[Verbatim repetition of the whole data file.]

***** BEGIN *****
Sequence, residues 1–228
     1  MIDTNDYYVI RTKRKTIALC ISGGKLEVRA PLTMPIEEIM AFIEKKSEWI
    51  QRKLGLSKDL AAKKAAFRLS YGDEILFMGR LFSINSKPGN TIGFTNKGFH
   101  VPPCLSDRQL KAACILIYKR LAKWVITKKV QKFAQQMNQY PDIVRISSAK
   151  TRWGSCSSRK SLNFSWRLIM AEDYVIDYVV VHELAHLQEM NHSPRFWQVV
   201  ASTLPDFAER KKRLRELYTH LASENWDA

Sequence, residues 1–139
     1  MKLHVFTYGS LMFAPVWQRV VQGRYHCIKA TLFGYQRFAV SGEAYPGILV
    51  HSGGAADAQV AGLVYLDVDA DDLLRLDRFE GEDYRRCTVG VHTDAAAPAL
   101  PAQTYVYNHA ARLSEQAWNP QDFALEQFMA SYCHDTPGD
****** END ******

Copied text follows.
Sequence, residues 1–228
     1  MIDTNDYYVI RTKRKTIALC ISGGKLEVRA PLTMPIEEIM AFIEKKSEWI
    51  QRKLGLSKDL AAKKAAFRLS YGDEILFMGR LFSINSKPGN TIGFTNKGFH
   101  VPPCLSDRQL KAACILIYKR LAKWVITKKV QKFAQQMNQY PDIVRISSAK
   151  TRWGSCSSRK SLNFSWRLIM AEDYVIDYVV VHELAHLQEM NHSPRFWQVV
   201  ASTLPDFAER KKRLRELYTH LASENWDA

Sequence, residues 1–139
     1  MKLHVFTYGS LMFAPVWQRV VQGRYHCIKA TLFGYQRFAV SGEAYPGILV
    51  HSGGAADAQV AGLVYLDVDA DDLLRLDRFE GEDYRRCTVG VHTDAAAPAL
   101  PAQTYVYNHA ARLSEQAWNP QDFALEQFMA SYCHDTPGD